Filet de Bœuf Béarnaise

(Like steak? You might also like this and this)

Pan-roasted grass-fed filet mignon, asparagus tips, shiitake mushrooms, heirloom tomato and sauce béarnaise..


Filet de Bœuf Béarnaise

Lightly coat all sides of a thick-cut beef tenderloin filet with coarse sea salt.  Wrap in brown paper and refrigerate overnight, turning once.

Blot the filet with paper towels to remove the surface moisture and any remaining salt.  Allow to come to room temperature.

Combine asparagus tips, quartered shiitake mushrooms, chopped garlic, shallots, melted butter, sea salt and freshly-ground black pepper. Set aside.

Make sauce béarnaise.  Keep warm.

Heat a cast iron skillet over medium heat for 15 minutes.  Sear the filet on all sides until well browned but still rare.  Remove from heat.

Remove the steak from the pan and put thick circles of heirloom tomato in its place.  Season lightly with salt and pepper.

Center the steak on top of the tomatoes, and spread the asparagus mixture around the perimeter.

Place the pan in a 400 degree oven and roast until the filet is barely medium rare, about 12 minutes.

Remove from the oven and allow to stand 5 minutes (the steak will continue to cook).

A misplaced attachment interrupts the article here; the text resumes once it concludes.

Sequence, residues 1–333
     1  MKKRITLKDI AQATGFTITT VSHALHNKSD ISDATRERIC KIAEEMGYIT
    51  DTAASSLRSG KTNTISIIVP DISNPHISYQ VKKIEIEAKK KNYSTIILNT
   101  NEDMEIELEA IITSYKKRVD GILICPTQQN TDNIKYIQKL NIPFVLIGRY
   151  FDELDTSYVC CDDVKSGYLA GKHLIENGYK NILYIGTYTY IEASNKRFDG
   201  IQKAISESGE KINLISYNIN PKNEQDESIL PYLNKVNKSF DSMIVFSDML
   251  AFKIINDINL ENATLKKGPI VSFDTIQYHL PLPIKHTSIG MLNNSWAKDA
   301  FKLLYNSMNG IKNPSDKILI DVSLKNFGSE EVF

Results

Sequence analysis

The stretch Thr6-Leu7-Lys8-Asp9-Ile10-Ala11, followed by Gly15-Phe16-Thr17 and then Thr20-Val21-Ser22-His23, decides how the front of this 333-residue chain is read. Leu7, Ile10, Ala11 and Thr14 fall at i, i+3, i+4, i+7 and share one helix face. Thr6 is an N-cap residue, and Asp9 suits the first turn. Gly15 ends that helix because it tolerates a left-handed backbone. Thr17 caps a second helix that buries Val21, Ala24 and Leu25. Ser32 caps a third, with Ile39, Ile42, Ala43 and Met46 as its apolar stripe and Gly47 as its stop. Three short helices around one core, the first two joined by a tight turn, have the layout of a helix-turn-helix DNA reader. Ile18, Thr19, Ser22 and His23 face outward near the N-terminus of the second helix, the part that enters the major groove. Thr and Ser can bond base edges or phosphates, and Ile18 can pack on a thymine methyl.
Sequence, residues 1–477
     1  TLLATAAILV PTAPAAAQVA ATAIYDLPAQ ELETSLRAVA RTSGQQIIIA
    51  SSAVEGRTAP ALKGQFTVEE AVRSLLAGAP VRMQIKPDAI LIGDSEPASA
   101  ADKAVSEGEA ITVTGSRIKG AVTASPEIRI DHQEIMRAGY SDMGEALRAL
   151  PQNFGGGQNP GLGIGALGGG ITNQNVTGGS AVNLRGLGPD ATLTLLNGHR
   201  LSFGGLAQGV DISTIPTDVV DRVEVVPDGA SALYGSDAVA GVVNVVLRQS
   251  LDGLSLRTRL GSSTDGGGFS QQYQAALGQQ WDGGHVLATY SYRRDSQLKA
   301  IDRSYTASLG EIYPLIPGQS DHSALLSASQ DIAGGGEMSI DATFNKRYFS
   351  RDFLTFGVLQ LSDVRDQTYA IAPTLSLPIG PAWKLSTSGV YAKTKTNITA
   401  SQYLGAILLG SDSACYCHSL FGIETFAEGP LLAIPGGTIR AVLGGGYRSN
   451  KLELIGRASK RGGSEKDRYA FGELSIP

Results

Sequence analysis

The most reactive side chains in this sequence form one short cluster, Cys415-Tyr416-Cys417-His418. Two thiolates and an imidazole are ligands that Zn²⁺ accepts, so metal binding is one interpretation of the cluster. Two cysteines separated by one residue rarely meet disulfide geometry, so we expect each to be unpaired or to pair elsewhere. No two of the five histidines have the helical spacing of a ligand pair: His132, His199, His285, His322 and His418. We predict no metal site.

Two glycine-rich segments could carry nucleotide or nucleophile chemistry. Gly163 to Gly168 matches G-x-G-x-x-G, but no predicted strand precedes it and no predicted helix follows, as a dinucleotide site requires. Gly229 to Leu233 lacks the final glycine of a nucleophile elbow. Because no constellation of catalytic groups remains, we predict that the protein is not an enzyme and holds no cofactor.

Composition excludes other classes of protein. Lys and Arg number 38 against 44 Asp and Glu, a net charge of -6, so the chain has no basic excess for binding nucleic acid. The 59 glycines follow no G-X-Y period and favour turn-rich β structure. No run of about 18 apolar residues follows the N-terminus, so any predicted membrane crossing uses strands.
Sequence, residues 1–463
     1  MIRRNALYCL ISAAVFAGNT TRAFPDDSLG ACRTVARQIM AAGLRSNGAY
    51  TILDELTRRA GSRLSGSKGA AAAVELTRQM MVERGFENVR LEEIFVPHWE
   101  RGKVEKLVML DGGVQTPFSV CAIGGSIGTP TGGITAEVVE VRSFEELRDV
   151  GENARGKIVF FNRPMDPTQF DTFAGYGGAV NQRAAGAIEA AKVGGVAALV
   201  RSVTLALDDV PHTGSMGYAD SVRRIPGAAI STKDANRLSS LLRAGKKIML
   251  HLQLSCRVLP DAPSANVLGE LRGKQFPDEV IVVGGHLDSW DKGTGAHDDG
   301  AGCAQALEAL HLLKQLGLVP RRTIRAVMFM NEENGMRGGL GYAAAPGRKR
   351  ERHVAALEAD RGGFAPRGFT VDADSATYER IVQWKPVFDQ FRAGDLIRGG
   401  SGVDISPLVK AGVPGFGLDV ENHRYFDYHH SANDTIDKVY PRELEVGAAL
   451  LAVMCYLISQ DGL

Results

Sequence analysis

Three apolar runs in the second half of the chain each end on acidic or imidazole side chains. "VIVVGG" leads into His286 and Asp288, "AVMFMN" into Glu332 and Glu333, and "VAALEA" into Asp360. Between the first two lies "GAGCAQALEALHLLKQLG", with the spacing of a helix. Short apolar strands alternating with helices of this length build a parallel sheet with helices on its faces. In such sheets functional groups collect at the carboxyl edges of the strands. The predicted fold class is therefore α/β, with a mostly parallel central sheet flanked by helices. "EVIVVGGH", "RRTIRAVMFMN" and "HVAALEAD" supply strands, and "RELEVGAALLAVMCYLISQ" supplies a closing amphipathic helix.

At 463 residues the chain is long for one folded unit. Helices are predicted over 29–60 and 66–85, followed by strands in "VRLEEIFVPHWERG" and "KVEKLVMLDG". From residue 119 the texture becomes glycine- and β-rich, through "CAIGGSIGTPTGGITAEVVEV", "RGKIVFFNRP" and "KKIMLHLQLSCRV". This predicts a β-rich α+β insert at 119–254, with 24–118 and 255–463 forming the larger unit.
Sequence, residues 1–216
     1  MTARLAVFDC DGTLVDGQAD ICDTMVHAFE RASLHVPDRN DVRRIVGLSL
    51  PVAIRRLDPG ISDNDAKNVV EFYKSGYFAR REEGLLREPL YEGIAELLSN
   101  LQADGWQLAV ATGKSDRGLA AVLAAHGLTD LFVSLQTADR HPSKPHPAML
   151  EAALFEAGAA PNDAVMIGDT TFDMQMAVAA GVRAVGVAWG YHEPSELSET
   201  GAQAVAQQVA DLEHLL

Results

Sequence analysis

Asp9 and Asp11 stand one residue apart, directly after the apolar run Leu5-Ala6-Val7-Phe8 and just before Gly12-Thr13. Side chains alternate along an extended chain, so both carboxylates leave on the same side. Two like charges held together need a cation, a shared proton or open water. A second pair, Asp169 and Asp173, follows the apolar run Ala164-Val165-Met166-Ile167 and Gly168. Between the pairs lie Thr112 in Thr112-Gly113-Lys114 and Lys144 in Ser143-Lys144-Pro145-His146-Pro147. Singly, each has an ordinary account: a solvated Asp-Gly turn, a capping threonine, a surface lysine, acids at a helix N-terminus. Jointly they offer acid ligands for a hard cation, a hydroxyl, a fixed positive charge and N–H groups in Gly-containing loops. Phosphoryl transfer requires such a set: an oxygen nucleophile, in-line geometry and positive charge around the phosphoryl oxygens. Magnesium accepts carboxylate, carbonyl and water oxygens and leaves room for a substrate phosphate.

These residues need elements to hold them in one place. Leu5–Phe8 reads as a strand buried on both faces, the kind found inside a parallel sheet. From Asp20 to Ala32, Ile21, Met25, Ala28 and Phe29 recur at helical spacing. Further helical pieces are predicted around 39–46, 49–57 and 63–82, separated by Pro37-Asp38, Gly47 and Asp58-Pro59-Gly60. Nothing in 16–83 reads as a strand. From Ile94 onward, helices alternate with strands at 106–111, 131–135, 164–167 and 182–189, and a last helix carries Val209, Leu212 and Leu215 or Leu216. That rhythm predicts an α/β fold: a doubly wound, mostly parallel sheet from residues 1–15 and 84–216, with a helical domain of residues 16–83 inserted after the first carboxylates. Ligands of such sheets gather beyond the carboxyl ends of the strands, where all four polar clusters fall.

Use a spatula to transfer the steak and tomato to a dinner plate.  Top with roasted asparagus mixture, then dress with sauce béarnaise.

11 thoughts on “Filet de Bœuf Béarnaise

  1. Pingback: Herb Roasted Veal* Chop with Bayley Hazen Bleu « Edible Aria

  2. Oh Ren. Now you’ve gone and made my FAVORITE food of all time! Everything you make always looks so good… but this? THIS is perfection!!!!!

    I swear I’m going to plan my next vacation to Texas, just so I can have dinner at your house! 🙂

  3. I burned and mushed the crap out of my tomatoes when I tried to flip the steak in the oven. Shouldn’t have done that. Then I curdled my cream sauce. Oops.

    Still good though!


    • “A Béarnaise sauce is simply an egg yolk, a shallot, a little tarragon vinegar. It takes years of practice for the result to be perfect,” wrote the restaurateur Fernand Point (1897-1955) in /Ma Gastronomie./

      Once you master making your own mayonnaise by hand, you can go on to hollandaise/béarnaise 🙂

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